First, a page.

Kahurangi National Park

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The towns of Motueka (northeast), Murchison (south), Karamea (west), and Takaka (north) are the gateways to Kahurangi National Park. Roads extend from these towns to the Park, some require a little care and may be closed after snow or heavy rain.

Public transport services operate between all these towns, and taxi or shuttle services link them to the main tramping track ends. Air services are also offered, which are particularly convenient for those walking through the Heaphy or Wangapeka tracks.


Wilderness, diversity and sanctuary - these are the terms that best describe Kahurangi, New Zealands newest and second largest National Park. Formed in 1996, it protects much of the north-western corner of the South Island. Weaving through the Park is a network of tracks from the easy to the very challenging. The 100 year old Heapy Track is the most famous, a number of interesting short walks cater for the day-tripper.

Kahurangi protects some of New Zealands most ancient geology and landforms, and spectacular areas of limestone & marble sculptured into caves, arches and stunning outcrops by the action of water.

It contains more than half of New Zealand's 2400-odd native plant species and over 80% of all alpine species. Its flora is the most diverse of any national park and includes 67 plant species found nowhere else. A wide range of birds (18 species) find a home in the park, including the Blue Duck, NZ Falcon, Rock Wren & Great Spotted Kiwi. The park is also the main bastion of Powelliphanta, a group of Carnivorous native land snails that grow up to 10cm in diameter.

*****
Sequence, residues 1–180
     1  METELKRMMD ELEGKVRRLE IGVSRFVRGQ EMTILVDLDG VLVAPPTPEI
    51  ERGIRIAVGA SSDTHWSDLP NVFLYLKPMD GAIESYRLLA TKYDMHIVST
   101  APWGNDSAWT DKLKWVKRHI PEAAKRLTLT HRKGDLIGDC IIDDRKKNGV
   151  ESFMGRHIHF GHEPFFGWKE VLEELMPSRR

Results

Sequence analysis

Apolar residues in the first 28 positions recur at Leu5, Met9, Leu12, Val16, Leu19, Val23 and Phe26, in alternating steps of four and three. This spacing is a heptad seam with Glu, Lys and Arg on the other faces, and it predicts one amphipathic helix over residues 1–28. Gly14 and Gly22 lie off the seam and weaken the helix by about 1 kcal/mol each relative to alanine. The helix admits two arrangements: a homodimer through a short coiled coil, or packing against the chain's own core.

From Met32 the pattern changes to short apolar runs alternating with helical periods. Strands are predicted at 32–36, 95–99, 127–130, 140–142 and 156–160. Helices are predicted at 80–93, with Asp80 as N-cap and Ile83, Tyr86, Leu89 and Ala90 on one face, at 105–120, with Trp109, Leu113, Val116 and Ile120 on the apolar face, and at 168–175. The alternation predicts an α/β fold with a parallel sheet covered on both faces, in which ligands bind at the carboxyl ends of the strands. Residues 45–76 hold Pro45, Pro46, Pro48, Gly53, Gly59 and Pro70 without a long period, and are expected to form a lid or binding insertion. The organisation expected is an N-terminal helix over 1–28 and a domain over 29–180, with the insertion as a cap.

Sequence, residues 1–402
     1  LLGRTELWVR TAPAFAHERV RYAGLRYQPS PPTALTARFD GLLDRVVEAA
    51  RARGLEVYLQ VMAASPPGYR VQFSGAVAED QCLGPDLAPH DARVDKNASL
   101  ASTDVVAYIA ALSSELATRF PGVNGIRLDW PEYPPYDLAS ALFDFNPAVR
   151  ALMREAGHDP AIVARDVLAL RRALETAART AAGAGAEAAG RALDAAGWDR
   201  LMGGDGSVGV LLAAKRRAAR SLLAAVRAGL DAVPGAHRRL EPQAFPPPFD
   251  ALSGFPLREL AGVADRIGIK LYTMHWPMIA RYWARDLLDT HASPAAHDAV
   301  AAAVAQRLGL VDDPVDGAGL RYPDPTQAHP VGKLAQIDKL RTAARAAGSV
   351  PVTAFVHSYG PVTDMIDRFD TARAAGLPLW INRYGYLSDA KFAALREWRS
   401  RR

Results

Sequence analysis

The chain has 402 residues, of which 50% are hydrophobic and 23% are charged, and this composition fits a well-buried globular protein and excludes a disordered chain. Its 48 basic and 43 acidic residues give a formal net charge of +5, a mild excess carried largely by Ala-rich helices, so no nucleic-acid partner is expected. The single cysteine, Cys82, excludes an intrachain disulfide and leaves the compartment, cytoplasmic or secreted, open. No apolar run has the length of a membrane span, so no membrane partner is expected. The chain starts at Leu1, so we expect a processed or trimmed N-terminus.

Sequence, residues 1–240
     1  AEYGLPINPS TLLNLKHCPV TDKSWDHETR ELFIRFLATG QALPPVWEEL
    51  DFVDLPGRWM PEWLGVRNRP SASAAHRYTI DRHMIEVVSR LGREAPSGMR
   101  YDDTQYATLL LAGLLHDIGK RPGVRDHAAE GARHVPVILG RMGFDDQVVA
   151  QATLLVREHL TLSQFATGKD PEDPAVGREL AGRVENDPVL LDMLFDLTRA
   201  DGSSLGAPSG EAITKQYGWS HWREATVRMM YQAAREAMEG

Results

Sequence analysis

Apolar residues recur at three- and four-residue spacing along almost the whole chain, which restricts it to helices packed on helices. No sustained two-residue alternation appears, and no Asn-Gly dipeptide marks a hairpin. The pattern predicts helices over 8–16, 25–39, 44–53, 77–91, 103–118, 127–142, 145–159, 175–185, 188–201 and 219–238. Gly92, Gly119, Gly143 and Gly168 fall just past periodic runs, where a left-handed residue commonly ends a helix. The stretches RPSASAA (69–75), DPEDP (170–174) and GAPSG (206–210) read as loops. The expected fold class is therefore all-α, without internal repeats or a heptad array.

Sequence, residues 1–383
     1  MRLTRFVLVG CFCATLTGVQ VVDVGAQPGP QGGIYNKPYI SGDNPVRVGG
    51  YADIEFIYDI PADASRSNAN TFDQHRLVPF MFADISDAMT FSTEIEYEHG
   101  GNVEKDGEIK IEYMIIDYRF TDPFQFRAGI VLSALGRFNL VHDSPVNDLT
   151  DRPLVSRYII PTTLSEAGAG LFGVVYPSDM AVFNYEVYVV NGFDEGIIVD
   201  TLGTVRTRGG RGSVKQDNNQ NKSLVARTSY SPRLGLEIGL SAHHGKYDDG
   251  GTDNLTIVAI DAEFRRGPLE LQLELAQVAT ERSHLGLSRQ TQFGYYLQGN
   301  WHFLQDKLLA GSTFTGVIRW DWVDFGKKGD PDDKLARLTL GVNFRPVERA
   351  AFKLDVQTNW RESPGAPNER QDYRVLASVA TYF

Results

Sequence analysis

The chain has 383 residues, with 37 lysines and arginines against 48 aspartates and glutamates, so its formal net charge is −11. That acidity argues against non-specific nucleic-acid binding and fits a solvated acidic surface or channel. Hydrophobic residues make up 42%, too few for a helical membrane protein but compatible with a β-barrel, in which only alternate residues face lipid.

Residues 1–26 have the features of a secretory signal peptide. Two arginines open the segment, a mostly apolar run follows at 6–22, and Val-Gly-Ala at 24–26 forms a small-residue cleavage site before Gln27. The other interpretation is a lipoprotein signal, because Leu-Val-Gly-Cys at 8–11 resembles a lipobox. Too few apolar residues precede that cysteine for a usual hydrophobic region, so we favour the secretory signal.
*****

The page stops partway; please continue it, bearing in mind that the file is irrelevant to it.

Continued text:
Karamea Walks - The coastal section of the Heaphy Track makes a great one day walk, as does the first section of the Wangapeka Track. In the Oparara basin are several walks exploring the forest and the awe inspiring limestone arches. Closer to town are two forest walks : one leading to a huge Rimu tree and the other to some caves in Fenian Creek.

Matiri Valley - A track in this valley leads initially up to Lake Matiri, formed by a earthquake slip. Beyond the lake is the steep climb to the spectacular 1000 and 100-acre plateaux.

Lower Wangapeka Valley - A series of short walks from Courthouse Flat explores the old gold mining relics and beautiful streams. The Wangapeka Track as far as Cecil Kings Hut makes a good day trip or overnight trip.

The Cobb Valley - This is the parks most accessible glacial landscape. Explore the tussock carpeted valley floor and the surrounding glacial lakes and sub-alpine herbfields. a track from the access road leads to the charming and historic Asbestos Cottage (3hrs return).

The Northwest Corner - The Kaituna Track follows an old miners'trail up a richly forested valley (for 1.5hrs). On the western coast, tracks lead to beautiful Kaihoka Lakes, Knuckle Hill with its views of Whanganui Inlet, and Kahurangi Point, where the old lighthouse keeper's house provides accommodation after a walk along the wild coast.


Wangapeka Track (3-5 days) - 52km taking you over two passes, exploring the earthquake torn Karamea Valley. There are 6 huts; moderate fitness is required.

The Heaphy Track (4-6 days) - This 77km track is one of NZ's Great Walks, taking you into ever changing ancient landscapes and views. There are 7 huts and 10 campsites along the way. A special Heaphy Track hut or camp pass is required.

Leslie - Karamea Track (3-4 days) - A semi wilderness experience. You need to be fit and experienced. Allow 7-9 days from roadend to roadend.

Mount Arthur Tablelands (2-3days) - Tramps commence at Flora Carpark. The walk to Mt Arthur Hut or the climb to Mt Arthur itself (1795m) make excellent day trips. A 2 day circuit to Salisbury Lodge on the Mount Arthur Tablelands provides an excellent introduction to this spectacular limestone landscape.



Within the park is an extensive network of huts, shelters and campsites. All types of accommodation is available at the main town centres surrounding the park.

Facilities and other services

Facilities are limited in the small towns of Karamea, Takaka and Murchison, the larger towns provide most of what you need.

Fishing, hunting and walking guides are available as are multi-day rafting trips down the Karamea River. at Karamea itself, tours of the unique and delicate Honeycomb Caves are offered.

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